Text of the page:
Trulli goes from throttles to bottles
Italian F1 star still makes time for the good life
Before winning Monaco in 2004, few Italians knew who Jarno Trulli was.
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(CNN) -- The statistics for Jarno Trulli's career once read like a tale of almost-theres and not-quites, holding a title few would want as the longest-tenured driver in Formula One without victory.
It took the Italian Grand Prix driver close to 120 starts on the F1 circuit for him to finally taste success.
Trulli's profile got an enormous boost in May 2004 when he won the most prestigious race in his business, the Grand Prix of Monaco, while driving for Renault.
It was a year the F1 World Championship was largely monopolized by the seemingly unbeatable Michael Schumacher. But when the German Ferrari driver was knocked out of the race in a caution-period race, it was Trulli's chance to have some of his limelight.
His win stopped Schumacher from becoming the first driver ever to win six consecutive races
Despite his relatively low profile in F1, Trulli has been on the circuit for a decade and has been in motor racing for most of his life.
He said at the time of winning Monaco that it had lifted a great burden from his shoulders -- so great were the celebrations that he lost his voice for weeks afterwards. It was also the first time an Italian had won the race in 22 years.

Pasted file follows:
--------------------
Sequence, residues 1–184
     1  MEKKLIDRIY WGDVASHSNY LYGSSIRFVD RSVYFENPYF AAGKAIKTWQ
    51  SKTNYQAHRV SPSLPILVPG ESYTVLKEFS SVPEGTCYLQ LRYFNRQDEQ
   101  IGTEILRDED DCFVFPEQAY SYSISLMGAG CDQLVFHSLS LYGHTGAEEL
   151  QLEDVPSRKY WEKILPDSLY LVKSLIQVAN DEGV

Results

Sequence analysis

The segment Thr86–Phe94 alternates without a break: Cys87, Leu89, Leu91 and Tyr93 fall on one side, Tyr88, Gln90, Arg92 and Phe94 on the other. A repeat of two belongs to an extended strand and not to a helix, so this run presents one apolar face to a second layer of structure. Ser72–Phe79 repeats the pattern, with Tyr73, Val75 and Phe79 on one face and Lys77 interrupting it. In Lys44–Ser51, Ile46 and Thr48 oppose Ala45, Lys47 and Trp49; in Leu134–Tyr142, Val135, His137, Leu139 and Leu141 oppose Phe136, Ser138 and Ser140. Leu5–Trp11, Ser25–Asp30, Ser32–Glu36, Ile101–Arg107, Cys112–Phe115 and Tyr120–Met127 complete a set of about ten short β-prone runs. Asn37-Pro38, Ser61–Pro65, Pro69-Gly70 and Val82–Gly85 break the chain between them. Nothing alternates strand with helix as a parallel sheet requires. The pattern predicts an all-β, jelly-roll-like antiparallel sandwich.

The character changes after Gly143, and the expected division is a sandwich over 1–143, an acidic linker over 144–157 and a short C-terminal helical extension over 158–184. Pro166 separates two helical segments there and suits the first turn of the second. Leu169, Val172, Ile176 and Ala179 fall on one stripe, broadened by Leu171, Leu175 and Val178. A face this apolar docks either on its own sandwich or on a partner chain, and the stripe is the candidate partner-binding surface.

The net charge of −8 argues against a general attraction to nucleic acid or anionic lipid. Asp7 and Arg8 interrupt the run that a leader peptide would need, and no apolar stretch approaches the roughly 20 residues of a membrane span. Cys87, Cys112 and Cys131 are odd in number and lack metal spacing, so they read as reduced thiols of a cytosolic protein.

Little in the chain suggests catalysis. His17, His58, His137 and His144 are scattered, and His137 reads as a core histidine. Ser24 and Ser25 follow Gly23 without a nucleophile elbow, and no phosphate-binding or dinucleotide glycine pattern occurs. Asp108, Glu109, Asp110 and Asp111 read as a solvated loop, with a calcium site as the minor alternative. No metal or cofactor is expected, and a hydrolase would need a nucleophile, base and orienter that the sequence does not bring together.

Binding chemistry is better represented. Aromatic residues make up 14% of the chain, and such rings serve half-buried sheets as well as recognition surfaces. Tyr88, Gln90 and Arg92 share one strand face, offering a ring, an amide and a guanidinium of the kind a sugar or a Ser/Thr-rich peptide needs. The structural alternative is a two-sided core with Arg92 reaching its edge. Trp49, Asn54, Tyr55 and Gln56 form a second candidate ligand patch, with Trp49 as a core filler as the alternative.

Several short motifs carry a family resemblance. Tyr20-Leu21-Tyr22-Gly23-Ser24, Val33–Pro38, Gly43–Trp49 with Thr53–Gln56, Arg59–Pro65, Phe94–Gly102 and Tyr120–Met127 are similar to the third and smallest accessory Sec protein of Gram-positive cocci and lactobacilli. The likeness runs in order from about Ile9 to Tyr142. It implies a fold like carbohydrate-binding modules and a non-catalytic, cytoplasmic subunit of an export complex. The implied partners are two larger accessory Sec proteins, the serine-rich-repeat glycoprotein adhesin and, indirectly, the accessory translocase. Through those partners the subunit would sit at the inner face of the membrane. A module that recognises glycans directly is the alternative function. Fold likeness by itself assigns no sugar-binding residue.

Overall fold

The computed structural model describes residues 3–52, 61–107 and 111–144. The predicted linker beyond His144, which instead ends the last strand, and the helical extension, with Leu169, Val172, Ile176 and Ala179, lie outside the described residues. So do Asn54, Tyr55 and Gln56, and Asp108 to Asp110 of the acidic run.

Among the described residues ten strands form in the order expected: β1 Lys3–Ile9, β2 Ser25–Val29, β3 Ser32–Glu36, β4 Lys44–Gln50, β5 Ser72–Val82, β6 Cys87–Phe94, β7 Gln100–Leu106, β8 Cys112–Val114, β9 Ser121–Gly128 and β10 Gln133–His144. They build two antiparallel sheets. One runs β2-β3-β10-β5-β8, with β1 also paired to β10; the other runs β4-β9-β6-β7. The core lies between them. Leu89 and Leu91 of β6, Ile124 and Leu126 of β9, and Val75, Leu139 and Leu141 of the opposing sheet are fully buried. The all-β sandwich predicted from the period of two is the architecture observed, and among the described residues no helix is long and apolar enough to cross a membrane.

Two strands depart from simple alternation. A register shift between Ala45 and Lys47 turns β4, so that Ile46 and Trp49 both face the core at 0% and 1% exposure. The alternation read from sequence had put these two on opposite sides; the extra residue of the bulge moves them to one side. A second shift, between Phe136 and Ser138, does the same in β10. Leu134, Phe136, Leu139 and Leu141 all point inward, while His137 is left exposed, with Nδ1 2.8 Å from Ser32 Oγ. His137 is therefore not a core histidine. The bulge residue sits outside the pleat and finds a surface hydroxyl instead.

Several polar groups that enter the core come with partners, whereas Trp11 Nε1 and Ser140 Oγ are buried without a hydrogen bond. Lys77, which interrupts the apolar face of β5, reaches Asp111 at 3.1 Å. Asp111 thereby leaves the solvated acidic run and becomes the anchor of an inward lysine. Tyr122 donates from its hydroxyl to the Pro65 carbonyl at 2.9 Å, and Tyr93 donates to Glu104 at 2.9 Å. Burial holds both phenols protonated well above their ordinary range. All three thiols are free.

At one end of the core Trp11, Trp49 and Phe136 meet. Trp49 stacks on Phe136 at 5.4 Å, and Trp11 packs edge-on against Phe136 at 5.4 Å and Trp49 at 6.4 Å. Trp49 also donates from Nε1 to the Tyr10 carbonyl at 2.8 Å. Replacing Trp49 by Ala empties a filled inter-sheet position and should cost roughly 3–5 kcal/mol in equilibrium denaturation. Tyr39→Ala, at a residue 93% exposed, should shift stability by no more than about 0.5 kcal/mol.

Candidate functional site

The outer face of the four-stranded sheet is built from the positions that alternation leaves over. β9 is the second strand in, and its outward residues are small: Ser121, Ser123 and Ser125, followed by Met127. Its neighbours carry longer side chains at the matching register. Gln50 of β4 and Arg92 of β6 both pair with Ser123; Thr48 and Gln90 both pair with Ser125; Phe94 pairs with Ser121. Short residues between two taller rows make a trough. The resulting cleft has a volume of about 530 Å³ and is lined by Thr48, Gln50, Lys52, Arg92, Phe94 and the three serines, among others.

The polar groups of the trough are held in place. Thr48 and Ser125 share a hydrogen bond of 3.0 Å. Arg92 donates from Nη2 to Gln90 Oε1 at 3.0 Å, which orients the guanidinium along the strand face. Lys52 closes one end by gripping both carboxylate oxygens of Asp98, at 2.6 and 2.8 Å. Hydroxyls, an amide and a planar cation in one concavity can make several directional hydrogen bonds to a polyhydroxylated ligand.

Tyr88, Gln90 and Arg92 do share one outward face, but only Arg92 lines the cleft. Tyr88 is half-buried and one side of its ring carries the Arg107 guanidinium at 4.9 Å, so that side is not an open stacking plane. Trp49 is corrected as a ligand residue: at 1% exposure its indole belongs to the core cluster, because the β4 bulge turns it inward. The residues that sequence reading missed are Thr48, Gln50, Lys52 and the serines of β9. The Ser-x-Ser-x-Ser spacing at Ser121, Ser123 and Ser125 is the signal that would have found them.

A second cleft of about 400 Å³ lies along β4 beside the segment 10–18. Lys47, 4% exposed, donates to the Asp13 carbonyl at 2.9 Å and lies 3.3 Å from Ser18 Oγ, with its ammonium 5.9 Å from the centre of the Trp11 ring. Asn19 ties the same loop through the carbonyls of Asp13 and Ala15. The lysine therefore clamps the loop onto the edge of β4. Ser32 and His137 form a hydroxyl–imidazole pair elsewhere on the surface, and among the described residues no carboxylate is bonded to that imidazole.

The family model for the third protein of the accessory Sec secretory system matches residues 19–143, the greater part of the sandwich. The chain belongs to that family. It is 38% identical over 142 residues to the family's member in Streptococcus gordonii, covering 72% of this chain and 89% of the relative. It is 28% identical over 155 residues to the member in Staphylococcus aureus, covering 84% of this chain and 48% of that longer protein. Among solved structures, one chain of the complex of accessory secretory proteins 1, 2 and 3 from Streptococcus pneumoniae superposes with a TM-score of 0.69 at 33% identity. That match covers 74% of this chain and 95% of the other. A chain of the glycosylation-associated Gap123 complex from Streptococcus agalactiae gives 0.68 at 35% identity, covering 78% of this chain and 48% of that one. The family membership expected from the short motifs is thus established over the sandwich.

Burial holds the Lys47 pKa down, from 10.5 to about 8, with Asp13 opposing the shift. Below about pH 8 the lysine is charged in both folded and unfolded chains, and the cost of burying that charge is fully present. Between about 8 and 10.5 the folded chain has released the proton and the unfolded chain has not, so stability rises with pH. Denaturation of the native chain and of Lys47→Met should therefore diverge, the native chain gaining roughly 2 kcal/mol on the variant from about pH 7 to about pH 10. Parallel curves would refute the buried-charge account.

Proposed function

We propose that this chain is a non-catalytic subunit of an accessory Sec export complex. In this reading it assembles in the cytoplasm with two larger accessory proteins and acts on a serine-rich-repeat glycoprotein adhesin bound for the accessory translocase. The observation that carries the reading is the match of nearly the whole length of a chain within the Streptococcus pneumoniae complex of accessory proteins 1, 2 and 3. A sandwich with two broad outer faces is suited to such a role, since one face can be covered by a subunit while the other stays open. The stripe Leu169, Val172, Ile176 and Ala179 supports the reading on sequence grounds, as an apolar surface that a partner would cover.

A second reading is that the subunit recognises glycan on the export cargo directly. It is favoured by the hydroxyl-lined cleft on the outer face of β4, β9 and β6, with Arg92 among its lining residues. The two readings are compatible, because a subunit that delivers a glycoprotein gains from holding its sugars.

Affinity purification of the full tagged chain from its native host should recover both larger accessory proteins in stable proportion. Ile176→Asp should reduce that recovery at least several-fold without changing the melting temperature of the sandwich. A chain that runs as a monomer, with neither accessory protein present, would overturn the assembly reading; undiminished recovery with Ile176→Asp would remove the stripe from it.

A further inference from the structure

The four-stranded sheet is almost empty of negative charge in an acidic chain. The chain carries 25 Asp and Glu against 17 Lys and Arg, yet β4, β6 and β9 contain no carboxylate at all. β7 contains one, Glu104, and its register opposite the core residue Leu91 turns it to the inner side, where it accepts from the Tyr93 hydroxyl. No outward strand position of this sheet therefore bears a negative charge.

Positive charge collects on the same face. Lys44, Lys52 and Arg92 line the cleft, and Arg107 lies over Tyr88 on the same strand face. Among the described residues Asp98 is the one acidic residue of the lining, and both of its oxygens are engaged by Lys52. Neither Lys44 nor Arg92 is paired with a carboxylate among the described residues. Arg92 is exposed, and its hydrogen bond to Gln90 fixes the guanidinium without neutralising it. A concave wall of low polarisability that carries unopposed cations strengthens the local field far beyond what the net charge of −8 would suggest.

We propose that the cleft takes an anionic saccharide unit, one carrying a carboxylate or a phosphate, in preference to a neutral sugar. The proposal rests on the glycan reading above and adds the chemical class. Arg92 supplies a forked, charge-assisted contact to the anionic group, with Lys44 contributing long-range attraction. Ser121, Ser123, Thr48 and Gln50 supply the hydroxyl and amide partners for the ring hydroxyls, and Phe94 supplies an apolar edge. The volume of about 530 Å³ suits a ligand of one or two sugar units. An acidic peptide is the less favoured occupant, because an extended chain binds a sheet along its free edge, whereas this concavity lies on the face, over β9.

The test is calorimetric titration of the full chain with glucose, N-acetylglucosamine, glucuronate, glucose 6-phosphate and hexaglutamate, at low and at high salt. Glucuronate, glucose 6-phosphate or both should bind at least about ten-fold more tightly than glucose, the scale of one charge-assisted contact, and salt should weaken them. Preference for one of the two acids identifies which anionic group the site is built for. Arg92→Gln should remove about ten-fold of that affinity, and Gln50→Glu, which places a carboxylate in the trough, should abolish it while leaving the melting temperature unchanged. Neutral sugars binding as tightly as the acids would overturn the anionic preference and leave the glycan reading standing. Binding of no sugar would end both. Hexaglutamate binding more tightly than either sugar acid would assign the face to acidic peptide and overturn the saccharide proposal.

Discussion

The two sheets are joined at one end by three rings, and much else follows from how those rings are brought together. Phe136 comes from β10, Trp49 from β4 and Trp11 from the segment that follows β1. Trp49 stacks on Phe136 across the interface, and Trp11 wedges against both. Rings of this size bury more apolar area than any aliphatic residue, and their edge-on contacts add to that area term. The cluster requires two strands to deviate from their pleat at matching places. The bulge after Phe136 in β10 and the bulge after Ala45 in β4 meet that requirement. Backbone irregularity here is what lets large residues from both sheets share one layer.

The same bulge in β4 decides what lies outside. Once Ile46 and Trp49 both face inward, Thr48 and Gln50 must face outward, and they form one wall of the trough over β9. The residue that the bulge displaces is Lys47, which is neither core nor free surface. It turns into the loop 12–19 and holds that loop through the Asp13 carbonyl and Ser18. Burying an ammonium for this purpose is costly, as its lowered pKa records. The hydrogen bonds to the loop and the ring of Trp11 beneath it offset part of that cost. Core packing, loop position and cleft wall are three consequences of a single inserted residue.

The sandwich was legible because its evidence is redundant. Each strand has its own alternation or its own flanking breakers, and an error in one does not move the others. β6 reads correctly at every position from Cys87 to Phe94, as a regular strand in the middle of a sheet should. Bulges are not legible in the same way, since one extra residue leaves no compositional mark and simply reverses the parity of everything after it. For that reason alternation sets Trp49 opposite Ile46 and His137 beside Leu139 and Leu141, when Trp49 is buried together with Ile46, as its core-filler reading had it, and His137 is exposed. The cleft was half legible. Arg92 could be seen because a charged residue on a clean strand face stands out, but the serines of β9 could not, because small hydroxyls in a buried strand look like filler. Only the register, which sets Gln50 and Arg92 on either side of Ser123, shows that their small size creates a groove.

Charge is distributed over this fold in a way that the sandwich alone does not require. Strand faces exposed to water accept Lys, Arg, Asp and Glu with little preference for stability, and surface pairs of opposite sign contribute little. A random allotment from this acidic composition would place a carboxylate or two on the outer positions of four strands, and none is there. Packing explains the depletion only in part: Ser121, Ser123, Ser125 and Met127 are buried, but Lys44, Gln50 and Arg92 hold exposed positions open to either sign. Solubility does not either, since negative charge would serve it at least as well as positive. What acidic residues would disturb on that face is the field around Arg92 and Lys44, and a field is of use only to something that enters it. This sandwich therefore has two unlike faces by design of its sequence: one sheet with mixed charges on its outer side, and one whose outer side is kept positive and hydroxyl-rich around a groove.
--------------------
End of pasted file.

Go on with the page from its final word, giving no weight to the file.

Despite the win, relations with Renault team boss Flavio Briatore, who had helped Trulli get a start on the F1 circuit in the 1990s, soured. Trulli failed to score any more points for the team in the remainder of 2004.
In July that year he announced he would quit Renault. Two months later he signed a contract with Toyota, reportedly for half the amount that team-mate Ralf Schumacher was being paid.
In 2005, Toyota had its most successful season, with Trulli performing better than Schumacher for most of the year, giving the team its first podium finishes.
Until his win in Monaco two years ago and because of his Finnish name, Trulli's profile in Italy was low.
Labeled "emotional", "over-sensitive" and "publicity-shy", the 31-year-old says he prefers to live a quiet life, with his wife of two years Barbara and their one-year-old son, Enzo, named after Trulli's father. They are expecting another child in late 2006.
The family lives in St. Moritz in Switzerland but frequently makes trips to Jarno and Barbara's native Pescara, in the Abruzzi region on Italy's eastern coast, where their parents live.
Abruzzi is also home to the 40-hectare vineyard Trulli bought with his father in 2001, follow in the footsteps of his winemaker grandfather.
Located near Pescara, Trulli's father takes care of the vines while his son is on the track, but Trulli still makes time to fulfil his part-time job of vintner.
Still racing with Toyota alongside Schumacher, Trulli has had a slow start to the 2006 season. By the end of May, he had yet to pick up a point in the championship and there is talk he may not be re-signed by Toyota when his contract comes up for renewal at the end of the season.
While critics argue he is inconsistent and a better qualifier than racer, Trulli fans say that, like a good wine, he is getting better with age.
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